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date: 19 August 2022

Afghanistan: Martial Society Without Military Rulelocked

Afghanistan: Martial Society Without Military Rulelocked

  • Amin TarziAmin TarziDirector of Middle East Studies, Marine Corps University

Summary

Since its inception as a separate political entity in 1747, Afghanistan has been embroiled in almost perpetual warfare, but it has never been ruled directly by the military. From initial expansionist military campaigns to involvement in defensive, civil, and internal consolidation campaigns, the Afghan military until the mid-19th century remained mainly a combination of tribal forces and smaller organized units. The central government, however, could only gain tenuous monopoly over the use of violence throughout the country by the end of the 19th century. The military as well as Afghan society remained largely illiterate and generally isolated from the prevailing global political and ideological trends until the middle of the 20th century.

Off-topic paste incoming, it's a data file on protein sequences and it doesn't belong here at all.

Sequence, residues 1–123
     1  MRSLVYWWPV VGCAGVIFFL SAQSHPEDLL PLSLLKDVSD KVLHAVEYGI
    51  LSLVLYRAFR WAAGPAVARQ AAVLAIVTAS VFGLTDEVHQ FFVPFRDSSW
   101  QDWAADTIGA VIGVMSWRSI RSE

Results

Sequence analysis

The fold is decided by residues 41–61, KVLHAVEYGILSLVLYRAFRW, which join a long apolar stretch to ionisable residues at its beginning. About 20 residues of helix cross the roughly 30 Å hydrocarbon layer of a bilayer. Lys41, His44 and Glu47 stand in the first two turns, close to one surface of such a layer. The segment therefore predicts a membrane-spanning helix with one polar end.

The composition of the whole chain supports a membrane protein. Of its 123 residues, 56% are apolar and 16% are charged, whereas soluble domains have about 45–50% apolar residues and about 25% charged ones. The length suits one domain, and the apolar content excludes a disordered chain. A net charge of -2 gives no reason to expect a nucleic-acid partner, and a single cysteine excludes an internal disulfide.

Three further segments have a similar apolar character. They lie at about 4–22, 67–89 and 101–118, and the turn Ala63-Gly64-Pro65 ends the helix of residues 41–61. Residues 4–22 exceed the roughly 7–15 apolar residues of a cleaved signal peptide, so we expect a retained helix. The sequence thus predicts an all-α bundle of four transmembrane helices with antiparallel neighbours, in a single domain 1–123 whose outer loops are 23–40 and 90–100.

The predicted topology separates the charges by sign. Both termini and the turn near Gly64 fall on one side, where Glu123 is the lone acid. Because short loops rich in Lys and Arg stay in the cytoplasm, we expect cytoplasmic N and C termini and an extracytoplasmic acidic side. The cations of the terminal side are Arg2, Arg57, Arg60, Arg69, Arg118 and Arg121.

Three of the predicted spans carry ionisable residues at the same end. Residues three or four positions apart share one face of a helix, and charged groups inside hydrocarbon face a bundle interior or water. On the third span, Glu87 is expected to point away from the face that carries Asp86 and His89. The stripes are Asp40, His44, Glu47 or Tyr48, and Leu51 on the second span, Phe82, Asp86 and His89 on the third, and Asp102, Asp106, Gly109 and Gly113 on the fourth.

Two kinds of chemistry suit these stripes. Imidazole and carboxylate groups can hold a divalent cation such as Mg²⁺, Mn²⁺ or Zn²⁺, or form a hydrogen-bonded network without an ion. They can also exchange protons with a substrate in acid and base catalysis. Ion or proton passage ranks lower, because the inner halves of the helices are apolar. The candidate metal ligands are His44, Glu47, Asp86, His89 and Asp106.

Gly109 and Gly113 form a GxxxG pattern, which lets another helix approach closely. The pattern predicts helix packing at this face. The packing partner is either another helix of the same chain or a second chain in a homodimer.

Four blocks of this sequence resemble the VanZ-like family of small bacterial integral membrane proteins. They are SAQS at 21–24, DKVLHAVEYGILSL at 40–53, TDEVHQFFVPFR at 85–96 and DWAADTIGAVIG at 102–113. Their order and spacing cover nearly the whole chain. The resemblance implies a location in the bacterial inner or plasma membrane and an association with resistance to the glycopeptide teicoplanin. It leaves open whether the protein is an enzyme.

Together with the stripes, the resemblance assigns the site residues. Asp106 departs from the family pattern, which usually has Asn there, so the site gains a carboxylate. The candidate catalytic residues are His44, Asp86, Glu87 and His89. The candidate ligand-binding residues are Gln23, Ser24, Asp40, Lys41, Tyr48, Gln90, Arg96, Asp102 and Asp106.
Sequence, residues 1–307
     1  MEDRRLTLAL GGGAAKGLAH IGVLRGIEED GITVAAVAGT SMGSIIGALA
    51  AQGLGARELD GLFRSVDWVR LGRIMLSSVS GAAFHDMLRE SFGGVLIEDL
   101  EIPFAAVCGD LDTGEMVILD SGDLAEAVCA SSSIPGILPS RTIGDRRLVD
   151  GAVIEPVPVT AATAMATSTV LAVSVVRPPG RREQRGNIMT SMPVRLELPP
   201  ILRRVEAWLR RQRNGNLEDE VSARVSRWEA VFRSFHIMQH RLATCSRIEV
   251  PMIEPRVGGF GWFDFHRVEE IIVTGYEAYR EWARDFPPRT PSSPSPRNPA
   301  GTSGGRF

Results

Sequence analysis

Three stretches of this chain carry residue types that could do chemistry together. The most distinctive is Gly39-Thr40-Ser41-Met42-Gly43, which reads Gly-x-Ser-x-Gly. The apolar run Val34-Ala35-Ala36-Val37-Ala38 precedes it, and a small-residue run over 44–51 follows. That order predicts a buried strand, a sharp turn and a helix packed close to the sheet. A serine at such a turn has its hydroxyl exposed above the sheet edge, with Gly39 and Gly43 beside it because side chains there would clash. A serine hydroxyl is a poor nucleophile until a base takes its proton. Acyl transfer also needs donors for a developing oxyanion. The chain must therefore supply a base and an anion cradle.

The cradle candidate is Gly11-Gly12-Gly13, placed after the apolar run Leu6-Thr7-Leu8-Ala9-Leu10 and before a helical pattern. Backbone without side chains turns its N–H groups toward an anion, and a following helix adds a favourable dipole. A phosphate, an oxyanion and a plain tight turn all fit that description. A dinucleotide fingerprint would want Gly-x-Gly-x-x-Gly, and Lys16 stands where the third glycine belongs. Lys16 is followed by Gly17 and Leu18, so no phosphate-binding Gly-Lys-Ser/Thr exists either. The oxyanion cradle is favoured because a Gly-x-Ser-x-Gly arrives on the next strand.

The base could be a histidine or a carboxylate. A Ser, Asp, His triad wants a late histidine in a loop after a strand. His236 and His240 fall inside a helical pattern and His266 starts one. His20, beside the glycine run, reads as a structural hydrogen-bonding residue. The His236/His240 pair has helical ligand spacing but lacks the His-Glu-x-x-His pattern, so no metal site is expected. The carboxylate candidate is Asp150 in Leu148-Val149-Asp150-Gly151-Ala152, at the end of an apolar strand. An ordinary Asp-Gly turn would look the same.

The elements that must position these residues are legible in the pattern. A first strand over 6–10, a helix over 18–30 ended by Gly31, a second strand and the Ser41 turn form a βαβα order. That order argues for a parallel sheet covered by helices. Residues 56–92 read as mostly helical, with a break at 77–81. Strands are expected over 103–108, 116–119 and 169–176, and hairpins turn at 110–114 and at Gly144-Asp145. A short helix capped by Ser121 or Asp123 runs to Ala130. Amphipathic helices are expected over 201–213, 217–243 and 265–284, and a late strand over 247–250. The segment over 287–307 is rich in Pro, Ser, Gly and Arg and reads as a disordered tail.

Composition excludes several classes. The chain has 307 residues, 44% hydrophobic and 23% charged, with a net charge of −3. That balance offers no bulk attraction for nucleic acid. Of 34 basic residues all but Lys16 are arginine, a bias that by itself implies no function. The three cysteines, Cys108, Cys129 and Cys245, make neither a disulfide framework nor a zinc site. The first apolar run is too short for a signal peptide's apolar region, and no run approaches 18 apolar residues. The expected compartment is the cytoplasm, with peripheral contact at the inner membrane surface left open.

Politicization of Afghanistan’s military began in very small numbers after World War II with Soviet-inspired communism gaining the largest foothold. Officers associated with the People’s Democratic Party of Afghanistan were instrumental in two successful coup d’états in the country. In 1979, the Soviet Union invaded Afghanistan, ending the country’s sovereignty and ushering a period of conflict that continues to the second decade of the 21st century in varying degrees. In 2001, the United States led an international invasion of the country, catalyzing efforts at reorganization of the smaller professional Afghan national defense forces that have remained largely apolitical and also the country’s most effective and trusted governmental institution.

Subjects

  • Contentious Politics and Political Violence
  • Governance/Political Change
  • Policy, Administration, and Bureaucracy
  • Political Values, Beliefs, and Ideologies

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